Lie to Me: Season 3

When I wrote about bubble shows in March there were only a handful that I actually really cared about – Fringe and Supernatural were successfully picked up while Stargate Universe, Brothers & Sisters and Lie to Me were not. After a few more episodes and a couple of months of further consideration I find that I’m only really still upset about Stargate, somewhat sad about Brothers & Sisters and that Lie to Me may actually have deserved its cancellation.

In many ways everything was stacked against Lie to Me, it had the familiar problems of extremely erratic behind the scenes shenanigans – constantly changing show runners, time slot safari and huge gaps between episodes. But what I realised as I watched what Sky described as ‘Season 4’ (but was really only the last few episodes of season 3, separated from its first half by several months) was that the show as a whole actually wasn’t very good.

What managed to carry the show for the 40 odd episodes and three seasons it lasted (two half seasons, one full length) was Tim Roth’s central performance of Cal Lightman, a walking, talking, shouting, fighting lie detector. He is basically an obnoxious know-it-all with a dubious moral code and minimal social graces. The writers soften Lightman’s edges by providing him a smart and sassy teenage daughter who loves him and a compassionate partner in Gillian – if those two stick with him, then he can’t be a complete dick.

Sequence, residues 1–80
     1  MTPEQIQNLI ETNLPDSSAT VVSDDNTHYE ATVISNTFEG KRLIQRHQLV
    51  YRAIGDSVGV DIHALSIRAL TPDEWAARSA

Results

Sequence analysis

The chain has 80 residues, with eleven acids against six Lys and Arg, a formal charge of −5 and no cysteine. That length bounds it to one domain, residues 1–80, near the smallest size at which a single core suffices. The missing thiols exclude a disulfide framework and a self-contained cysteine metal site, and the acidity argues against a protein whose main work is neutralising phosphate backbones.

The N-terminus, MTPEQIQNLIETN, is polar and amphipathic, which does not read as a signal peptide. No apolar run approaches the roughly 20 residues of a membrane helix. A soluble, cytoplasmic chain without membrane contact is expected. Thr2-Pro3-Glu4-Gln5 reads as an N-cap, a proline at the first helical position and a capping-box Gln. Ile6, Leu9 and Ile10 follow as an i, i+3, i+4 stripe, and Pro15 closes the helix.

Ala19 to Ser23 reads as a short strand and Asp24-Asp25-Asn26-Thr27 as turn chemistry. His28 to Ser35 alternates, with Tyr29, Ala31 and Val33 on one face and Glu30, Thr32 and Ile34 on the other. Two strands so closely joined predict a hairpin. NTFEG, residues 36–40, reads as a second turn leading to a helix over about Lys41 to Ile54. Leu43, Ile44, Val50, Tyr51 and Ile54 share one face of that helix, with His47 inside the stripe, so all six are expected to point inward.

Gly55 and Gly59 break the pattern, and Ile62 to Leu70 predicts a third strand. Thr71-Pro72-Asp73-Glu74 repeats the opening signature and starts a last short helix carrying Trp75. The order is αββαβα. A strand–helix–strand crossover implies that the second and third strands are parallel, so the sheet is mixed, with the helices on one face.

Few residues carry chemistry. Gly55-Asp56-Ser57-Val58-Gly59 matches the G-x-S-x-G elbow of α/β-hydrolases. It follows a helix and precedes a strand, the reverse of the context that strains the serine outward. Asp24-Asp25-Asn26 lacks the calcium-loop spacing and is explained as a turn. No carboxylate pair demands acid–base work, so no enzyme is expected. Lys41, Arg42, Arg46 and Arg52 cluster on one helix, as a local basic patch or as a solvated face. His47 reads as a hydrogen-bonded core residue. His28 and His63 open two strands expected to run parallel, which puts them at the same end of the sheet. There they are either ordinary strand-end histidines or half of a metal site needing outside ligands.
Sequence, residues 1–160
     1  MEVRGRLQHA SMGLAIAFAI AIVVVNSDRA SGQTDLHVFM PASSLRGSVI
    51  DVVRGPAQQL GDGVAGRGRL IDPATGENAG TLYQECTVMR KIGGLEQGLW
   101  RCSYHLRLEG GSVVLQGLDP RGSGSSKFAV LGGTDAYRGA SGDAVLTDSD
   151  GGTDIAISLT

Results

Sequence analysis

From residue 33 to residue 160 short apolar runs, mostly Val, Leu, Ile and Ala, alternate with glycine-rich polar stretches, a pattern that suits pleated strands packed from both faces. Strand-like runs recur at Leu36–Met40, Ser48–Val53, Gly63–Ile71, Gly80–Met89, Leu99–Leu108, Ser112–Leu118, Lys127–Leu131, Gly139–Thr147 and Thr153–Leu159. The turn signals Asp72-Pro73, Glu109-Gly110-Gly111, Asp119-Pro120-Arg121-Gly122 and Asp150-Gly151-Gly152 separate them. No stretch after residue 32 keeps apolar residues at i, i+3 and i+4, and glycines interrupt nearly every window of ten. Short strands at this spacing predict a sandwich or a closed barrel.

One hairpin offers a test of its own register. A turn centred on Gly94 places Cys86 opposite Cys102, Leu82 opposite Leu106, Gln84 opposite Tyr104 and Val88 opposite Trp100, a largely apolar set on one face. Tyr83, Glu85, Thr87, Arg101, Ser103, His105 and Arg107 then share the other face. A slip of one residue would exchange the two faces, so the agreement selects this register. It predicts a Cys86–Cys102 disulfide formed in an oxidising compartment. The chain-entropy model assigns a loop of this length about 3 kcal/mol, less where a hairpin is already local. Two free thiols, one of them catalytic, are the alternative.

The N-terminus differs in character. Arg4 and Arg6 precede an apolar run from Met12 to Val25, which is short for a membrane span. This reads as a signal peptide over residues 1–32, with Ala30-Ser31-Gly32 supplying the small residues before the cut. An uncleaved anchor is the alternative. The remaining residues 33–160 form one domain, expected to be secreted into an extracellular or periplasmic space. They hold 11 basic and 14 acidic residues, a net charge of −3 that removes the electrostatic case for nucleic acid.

Like the best characters out there he appears complicated and unpredictable, but it really doesn’t actually take a genius to work out what makes him tick – he enjoys puzzles, he protects those he loves and if people tell him the truth he will move heaven and earth to help them. He’s like a slightly more human House, it’s not about healing the sick or punishing the guilty, it’s about solving the puzzle, and he’s not going to waste his energy and intelligence pandering to people’s feelings.

The character is fascinating and Tim Roth’s performance is unpredictable and unique. Unfortunately what I eventually realised was that that was all the show actually had going for it. The stories and the other characters were all pretty flimsy. Despite being a very small cast, even for a procedural, the other four series regulars get hardly any character development at all – relationships appear and disappear at random, realisations are made one week and seemingly forgotten the next and hints are made and never developed on.

Likewise the way the plots are bound together is pretty weak. In previous seasons there were concepts that tied things together such as the FBI contracting the organisation and a liaison officer to bounce off of. This season however there was no real reason for Cal to get involved in half the cases he did, everything was extraordinarily tenuous. For a seemingly financially successful organisation they never seemed to do much actual paying work.

Many of these issues you don’t tend to notice as you’re watching, it’s only when you look back that you realise that it didn’t really hang together. Episode by episode you just enjoy Tim Roth’s performance and his (and the character’s) ability to surprise you. I had originally been quite cross that the show was cancelled, blaming Fox for not promoting it and messing it about, but actually when I sit and look at it the writers did very little to actually encourage people to watch regularly and ultimately I think that lack of consistency and growth led to a disappointingly flawed whole.

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  1. August 29th, 2011
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